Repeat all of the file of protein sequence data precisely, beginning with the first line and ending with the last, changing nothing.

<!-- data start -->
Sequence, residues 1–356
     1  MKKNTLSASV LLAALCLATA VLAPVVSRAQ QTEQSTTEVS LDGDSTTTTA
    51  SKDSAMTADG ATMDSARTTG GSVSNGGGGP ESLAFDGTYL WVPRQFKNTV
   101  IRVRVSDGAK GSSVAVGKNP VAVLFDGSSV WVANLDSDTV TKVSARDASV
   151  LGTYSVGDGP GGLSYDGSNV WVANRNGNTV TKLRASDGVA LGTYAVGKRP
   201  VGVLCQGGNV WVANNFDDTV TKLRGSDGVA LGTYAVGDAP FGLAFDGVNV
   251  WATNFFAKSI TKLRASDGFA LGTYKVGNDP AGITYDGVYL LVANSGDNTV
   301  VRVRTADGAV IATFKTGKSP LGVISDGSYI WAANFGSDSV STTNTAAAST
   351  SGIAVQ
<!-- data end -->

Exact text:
Sequence, residues 1–356
     1  MKKNTLSASV LLAALCLATA VLAPVVSRAQ QTEQSTTEVS LDGDSTTTTA
    51  SKDSAMTADG ATMDSARTTG GSVSNGGGGP ESLAFDGTYL WVPRQFKNTV
   101  IRVRVSDGAK GSSVAVGKNP VAVLFDGSSV WVANLDSDTV TKVSARDASV
   151  LGTYSVGDGP GGLSYDGSNV WVANRNGNTV TKLRASDGVA LGTYAVGKRP
   201  VGVLCQGGNV WVANNFDDTV TKLRGSDGVA LGTYAVGDAP FGLAFDGVNV
   251  WATNFFAKSI TKLRASDGFA LGTYKVGNDP AGITYDGVYL LVANSGDNTV
   301  VRVRTADGAV IATFKTGKSP LGVISDGSYI WAANFGSDSV STTNTAAAST
   351  SGIAVQ